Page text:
Friday, May 29, 2009

Thursday, May 28, 2009

Neal still waffling on health care

A hundred people showed up yesterday for a rally at Congressman Richard E. Neal's Springfield office on State St. We were there to see if we could win Neal's support for HR 676, The United States National Health Insurance Act.

Many groups have met with Cong. Neal to ask him to support HR676. He just keeps putting off a real answer. Yesterday he released the following statement:

“Since President Obama’s election, I have pledged to work with him to reform America’s health care system. I share his goals that comprehensive health care reform must be affordable, provide coverage options for every American and guarantee quality care. As a member of the Ways and Means Committee, one of three committees in the U.S. House that has jurisdiction over health care, I am committed to passing real health care reform legislation this year. On numerous occasions, I have spoken with the White House and officials in the Obama administration about the importance of passing health care reform during the 111th session of Congress. I know they share my view that the American people cannot afford to wait any longer. As the debate in Congress resumes, I look forward to continuing my work with President Obama and the leadership in Congress to make health care affordable and accessible for every American.”

Well, blah, blah, blah.

Two days before the rally, a member of the Western Mass. Single Payer Network had a conversation with Neal's legislative aide Bill Powers about HR 676. The gist of it went like this:

  • Rep. Neal has already met with 2-3 groups regarding his stance on healthcare, and can't keep spending time meeting with groups over this single issue.
  • Neal's position on health care is not clearly articulated in any public place and cannot be articulated without a "longer conversation" but unfortunatelty Neal is not available to meet on this topic for at least a month-and-a-half or two months in the future.
  • When asked whether Neal supports HR 676 or not, Powers stated that Neal takes issue with how HR 676 is written, but does not necessarily object to HR676. Again, his position on HR676 requires a "more lengthy discussion".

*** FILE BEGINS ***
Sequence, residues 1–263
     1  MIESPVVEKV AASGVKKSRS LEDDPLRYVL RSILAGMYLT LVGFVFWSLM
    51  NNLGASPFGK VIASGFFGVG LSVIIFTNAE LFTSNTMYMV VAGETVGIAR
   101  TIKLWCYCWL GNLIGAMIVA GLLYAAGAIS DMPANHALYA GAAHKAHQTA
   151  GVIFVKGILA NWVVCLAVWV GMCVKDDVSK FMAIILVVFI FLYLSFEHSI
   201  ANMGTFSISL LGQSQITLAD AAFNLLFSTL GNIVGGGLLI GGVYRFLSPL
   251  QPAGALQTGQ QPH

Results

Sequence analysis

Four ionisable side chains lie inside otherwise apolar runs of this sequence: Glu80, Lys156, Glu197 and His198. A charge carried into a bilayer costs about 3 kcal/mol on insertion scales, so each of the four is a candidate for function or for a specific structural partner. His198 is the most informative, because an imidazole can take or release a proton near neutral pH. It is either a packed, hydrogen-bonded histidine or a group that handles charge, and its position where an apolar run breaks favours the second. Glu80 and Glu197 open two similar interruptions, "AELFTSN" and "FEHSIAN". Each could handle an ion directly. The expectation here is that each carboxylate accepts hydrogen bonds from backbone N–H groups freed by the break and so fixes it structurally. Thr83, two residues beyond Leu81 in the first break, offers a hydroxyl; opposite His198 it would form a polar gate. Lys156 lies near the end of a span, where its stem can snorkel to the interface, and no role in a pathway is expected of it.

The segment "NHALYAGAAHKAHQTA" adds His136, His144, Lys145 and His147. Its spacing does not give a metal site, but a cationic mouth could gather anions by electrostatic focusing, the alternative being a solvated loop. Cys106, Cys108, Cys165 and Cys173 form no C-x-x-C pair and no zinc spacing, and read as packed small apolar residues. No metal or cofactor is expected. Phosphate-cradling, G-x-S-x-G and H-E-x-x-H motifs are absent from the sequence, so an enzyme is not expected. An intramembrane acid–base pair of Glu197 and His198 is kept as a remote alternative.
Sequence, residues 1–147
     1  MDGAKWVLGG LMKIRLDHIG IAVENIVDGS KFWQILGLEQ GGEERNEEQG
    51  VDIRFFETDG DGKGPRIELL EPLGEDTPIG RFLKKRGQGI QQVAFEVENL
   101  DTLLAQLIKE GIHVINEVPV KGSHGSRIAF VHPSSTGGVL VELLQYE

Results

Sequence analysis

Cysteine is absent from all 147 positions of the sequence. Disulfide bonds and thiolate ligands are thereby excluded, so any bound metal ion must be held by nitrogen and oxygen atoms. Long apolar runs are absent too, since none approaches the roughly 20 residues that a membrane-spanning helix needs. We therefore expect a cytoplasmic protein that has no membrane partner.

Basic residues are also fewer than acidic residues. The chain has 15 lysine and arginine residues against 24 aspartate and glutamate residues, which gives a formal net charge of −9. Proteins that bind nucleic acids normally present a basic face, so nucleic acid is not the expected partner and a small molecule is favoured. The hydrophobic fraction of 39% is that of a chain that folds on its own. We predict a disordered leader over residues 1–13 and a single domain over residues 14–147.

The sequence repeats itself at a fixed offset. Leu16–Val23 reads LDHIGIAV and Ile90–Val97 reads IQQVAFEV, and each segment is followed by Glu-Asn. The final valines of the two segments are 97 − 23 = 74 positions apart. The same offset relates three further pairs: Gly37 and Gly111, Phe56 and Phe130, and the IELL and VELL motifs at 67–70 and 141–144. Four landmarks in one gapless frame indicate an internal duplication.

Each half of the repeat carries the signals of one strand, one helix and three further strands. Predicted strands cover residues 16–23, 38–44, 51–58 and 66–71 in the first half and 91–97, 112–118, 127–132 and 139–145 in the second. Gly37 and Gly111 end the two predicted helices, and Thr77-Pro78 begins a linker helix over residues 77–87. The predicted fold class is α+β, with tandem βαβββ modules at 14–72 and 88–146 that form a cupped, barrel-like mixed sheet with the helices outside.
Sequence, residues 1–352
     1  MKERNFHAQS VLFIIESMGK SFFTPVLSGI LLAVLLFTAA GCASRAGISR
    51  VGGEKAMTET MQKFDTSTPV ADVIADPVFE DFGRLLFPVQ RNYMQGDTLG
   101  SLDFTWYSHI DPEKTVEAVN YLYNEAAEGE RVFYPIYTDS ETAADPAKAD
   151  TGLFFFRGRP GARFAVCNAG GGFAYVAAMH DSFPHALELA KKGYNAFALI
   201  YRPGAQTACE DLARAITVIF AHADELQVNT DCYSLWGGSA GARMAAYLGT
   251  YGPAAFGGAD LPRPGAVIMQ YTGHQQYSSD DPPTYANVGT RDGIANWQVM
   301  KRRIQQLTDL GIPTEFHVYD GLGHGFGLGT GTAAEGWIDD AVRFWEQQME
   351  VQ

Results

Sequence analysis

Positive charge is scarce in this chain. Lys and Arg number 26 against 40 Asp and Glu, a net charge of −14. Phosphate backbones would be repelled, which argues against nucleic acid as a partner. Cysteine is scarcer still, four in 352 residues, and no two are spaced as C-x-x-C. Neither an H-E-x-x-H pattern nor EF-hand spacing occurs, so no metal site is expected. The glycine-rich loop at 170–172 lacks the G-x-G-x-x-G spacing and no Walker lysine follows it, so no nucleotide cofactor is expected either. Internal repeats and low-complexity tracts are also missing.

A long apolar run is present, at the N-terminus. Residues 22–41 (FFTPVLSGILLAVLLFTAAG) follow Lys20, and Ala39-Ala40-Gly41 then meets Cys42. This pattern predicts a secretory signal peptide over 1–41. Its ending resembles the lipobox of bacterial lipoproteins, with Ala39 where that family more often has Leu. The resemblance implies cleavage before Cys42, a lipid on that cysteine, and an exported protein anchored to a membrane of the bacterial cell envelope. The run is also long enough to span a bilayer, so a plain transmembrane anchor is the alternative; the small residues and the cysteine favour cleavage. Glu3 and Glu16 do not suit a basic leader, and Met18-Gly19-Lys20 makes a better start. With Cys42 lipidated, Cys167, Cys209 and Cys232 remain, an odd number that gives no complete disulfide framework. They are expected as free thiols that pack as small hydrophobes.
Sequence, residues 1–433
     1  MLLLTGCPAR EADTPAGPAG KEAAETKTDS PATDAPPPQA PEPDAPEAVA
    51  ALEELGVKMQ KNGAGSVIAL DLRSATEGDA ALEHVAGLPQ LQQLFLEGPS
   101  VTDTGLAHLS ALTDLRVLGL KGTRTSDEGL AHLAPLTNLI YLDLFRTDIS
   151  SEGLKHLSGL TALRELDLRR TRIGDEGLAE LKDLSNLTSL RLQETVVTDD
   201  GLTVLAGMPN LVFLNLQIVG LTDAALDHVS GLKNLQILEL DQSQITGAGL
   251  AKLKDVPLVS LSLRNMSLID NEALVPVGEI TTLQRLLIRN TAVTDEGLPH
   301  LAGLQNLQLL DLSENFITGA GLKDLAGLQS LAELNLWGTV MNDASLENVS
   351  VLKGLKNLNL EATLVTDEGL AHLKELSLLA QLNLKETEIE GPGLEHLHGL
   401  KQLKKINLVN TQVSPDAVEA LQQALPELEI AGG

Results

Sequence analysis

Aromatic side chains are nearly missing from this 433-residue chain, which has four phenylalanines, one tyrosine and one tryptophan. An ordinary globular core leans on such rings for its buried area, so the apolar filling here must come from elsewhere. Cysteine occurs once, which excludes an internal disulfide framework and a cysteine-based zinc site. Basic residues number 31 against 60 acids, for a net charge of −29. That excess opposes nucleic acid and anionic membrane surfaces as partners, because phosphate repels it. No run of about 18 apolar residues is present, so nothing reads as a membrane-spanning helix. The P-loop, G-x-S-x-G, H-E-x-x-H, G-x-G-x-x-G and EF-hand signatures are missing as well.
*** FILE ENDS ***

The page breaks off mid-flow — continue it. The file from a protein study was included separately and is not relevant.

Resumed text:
Could Neal's lack of support for HR 676 be linked to the fact that his top contributer category is insurance companies? That's not the case for any of the other 13 U.S. Senators and Representatives in Massachusetts.

Unfortunately it seems as if President Obama has yet to come around to supporting a true single payer plan. His current proposal gives too much power to insurance companies. A good fact check on his plan can be found at PolitiFact. A real problem is that his plan mimics the Massachusetts model. Yesterday's Boston Globe sees the state's health care costs spiraling out of control, waits for doctors increasing, and costs keeping patients from accessing prescription drugs and doctors.

It's not too late to win HR676, but we have our work cut out for us.

Photos: President of Arise Don James, Shirley McCready and John Bennett from Mass. Senior Action, Liz Bewsee from Arise and Ashley from OutNow, Arky Markham from Western Mass. Single Payer Network, Sadie Centeno and Vanessa Rivera from Arise, State rep. Ben Swan, City Council candidate Norm Oliver.

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Friday, May 15, 2009


Pubdate: Mon, 11 May 2009
Source: San Francisco Chronicle (CA)
Copyright: 2009 Hearst Communications Inc.
Author: Bob Egelko, Chronicle Staff Writer

President Obama has called for repealing the ban on federal funding
for anti-AIDS programs that supply clean needles to drug users. His
drug policy director supported such a program when he was Seattle's
police chief. And last week, Obama's nominee to head the Food and
Drug Administration won praise in a Senate committee for her
leadership on needle exchange.

So advocates of the programs in the Bay Area and elsewhere were
surprised and dismayed when Obama's budget for 2009-10 proposed to
continue the funding prohibition that dates from the 1980s.

"We hoped that the president would seize the first opportunity for
lifting federal restrictions on this life-saving prevention
strategy," said Paola Barahona of Physicians for Human Rights.
"Denying people at risk for HIV a proven prevention intervention is
a denial of their basic human rights."

"Without the federal funding, we're missing people that we could
reach," said Laura Thomas, who heads the Drug Policy Alliance office
in San Francisco and volunteers at a local needle-exchange program.
"It's ridiculous that at this point in the epidemic, we're not
looking to science in determining what we're funding."

A similar view could be found on the White House Web site soon after
Obama took office in January: "The president also supports lifting
the federal ban on needle exchange, which could dramatically reduce
rates of infection among drug users."

That comment was erased from the site recently.


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Wednesday, May 13, 2009

An Open Letter to President Barak Obama

An Open Letter to President Barak Obama

April, 6, 2009

Dear President Obama,

In approaching the task of addressing you directly about a personal issue, I feel daunted by the abyss that separates the two of us in status and power. I am a retired public health physician, attempting to maintain a hold on his sanity and physical health by puttering around his garden in a Palestinian village in Galilee. You are the president of the nation most of humanity envies and desires to join, burdened with the task of saving the world from economic and political chaos and now from nuclear war.....


The link for this blog was sent by a friend. here is the link to the rest of the blog.

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